If we truly want to understand orcas, then we need to stop treating them like commodities and research objects. And we need to stop toying with their intelligence. The research and training that Wikie is subjected to will never benefit orcas in the wild, nor will it ever benefit Wikie. The dolphinarium industry will use it to put forth the argument that humans need to continue keeping orcas in captivity for the sake of doing more research. It will become the industry’s newest excuse for incarcerating orcas for life in small tanks where their intelligence is exploited to fulfill the desires of humans.
We must let these amazing beings live their lives, wild and free, in the oceans that have shaped their existence for millions of years. We must stop invading their space by capturing them and breeding them in tanks where their natural abilities can find no expression at all. We must stop claiming ownership over their lives. Orcas have a fundamental right to swim for as long as their hearts desire, free of any human-made barriers. They have a right to communicate in their own sophisticated orca language over vast distances, nourishing their strong social bonds and raising their young in the ocean, surrounded by family members. We do not have the right to take all that away from them.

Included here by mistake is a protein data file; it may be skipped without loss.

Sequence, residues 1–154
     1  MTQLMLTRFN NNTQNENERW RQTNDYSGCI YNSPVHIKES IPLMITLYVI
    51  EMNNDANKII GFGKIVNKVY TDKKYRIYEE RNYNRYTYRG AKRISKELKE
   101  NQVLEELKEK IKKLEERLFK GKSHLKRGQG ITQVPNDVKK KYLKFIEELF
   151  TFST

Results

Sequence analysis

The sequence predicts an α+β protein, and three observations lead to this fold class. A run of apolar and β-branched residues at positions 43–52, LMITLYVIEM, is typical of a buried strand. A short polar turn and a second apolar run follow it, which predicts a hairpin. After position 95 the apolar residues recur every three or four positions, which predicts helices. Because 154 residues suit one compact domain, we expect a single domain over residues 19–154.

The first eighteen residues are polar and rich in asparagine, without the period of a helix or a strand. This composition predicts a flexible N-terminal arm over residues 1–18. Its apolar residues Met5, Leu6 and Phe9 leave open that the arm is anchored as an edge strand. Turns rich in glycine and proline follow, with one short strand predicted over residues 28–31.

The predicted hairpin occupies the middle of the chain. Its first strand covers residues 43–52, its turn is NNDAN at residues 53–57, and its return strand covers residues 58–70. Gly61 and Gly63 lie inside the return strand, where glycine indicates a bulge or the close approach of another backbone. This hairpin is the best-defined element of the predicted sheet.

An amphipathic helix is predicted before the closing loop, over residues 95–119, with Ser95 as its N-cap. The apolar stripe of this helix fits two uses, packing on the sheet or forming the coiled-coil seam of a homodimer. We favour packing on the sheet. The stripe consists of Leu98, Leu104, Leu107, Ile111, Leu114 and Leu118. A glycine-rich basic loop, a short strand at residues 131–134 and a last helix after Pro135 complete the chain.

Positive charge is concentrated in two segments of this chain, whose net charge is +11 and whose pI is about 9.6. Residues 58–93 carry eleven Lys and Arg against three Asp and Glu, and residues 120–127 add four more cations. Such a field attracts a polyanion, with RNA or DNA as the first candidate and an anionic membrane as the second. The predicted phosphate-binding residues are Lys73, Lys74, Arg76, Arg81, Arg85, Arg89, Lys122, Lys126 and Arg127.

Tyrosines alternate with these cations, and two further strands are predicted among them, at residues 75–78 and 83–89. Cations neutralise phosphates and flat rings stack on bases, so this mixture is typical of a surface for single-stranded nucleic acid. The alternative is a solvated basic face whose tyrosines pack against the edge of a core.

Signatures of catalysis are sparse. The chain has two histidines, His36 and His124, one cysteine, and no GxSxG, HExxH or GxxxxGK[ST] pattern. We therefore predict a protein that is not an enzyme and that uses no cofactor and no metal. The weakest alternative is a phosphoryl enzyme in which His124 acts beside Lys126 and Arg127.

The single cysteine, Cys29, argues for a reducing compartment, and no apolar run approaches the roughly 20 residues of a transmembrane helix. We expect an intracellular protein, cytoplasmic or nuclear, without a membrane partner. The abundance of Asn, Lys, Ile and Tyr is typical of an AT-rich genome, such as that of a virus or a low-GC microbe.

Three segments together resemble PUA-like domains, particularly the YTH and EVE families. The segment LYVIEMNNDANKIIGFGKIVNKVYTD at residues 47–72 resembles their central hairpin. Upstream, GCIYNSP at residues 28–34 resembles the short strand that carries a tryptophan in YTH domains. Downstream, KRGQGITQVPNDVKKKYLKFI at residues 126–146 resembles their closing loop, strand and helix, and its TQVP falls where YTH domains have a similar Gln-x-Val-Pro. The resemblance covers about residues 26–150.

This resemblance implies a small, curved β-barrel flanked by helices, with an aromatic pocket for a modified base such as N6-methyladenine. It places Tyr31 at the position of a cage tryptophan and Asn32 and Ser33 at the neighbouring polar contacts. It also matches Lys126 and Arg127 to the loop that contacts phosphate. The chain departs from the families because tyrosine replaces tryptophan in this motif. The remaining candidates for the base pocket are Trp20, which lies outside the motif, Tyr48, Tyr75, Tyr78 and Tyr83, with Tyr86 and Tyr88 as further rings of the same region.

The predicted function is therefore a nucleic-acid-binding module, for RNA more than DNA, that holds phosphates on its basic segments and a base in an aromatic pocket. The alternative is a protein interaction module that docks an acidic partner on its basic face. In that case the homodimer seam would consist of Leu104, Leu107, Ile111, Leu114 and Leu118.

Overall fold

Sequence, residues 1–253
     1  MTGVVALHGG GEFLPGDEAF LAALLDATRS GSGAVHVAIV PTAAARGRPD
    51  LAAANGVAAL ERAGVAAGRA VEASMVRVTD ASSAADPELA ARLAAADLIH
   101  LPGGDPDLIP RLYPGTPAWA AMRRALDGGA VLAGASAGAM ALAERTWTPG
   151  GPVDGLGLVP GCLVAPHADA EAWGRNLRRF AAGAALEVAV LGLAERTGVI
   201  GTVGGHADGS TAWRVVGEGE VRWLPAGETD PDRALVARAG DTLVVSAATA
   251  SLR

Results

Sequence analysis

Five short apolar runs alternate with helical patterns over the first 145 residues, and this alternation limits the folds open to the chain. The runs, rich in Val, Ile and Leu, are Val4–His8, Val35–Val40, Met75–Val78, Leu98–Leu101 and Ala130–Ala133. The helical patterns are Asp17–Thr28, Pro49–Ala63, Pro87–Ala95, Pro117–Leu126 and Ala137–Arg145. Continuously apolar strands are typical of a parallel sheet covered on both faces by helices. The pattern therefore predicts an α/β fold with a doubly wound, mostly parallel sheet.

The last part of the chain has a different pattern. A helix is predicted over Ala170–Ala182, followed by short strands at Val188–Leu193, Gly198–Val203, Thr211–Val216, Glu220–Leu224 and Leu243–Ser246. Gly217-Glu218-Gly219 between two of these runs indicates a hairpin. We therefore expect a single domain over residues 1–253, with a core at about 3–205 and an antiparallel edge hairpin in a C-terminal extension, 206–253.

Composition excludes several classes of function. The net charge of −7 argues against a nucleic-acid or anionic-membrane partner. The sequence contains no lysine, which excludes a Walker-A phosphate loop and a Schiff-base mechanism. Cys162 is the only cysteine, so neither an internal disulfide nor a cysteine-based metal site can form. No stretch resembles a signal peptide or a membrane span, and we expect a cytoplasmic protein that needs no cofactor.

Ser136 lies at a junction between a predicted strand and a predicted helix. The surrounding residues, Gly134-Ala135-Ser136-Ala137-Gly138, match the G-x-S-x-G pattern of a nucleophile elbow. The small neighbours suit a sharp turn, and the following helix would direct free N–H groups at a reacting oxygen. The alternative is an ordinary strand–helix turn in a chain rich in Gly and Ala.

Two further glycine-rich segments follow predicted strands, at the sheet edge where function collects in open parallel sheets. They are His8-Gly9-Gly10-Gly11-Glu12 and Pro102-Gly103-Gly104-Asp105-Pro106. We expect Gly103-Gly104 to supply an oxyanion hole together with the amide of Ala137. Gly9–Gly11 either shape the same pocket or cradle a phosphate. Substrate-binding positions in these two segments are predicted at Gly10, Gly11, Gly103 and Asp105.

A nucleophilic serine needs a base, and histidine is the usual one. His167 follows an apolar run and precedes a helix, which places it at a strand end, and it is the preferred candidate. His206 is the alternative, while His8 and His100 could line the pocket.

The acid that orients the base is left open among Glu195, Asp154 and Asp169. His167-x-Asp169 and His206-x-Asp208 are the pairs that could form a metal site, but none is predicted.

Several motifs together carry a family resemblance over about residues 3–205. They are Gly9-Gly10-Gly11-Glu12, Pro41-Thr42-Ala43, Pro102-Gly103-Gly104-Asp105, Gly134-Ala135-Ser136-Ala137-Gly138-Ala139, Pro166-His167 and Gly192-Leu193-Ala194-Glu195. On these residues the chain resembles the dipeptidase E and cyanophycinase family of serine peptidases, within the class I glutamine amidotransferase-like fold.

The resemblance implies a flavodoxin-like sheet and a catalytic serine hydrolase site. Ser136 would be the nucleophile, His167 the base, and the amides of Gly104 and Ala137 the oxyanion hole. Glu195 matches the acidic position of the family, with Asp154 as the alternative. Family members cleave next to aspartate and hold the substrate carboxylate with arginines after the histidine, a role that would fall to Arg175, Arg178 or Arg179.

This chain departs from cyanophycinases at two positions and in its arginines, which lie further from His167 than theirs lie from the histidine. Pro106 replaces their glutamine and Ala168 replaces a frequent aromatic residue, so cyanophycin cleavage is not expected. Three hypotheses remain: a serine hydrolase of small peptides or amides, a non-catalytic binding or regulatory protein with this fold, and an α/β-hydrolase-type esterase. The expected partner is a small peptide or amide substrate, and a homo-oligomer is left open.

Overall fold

If humans are to ever be able to understand orcas, we need to change the way we treat them. We need to respect them for who and what they are in their world, on their terms. We need to respect the space that naturally exists between them and us. Respect, I find, is the highest form of inter-species communication that there is. Sadly, it is also a communication skill that we humans have yet to master.
Featured image: Creative Commons Attribution-Share Alike 3.0 Unported license, user: Tiia Monto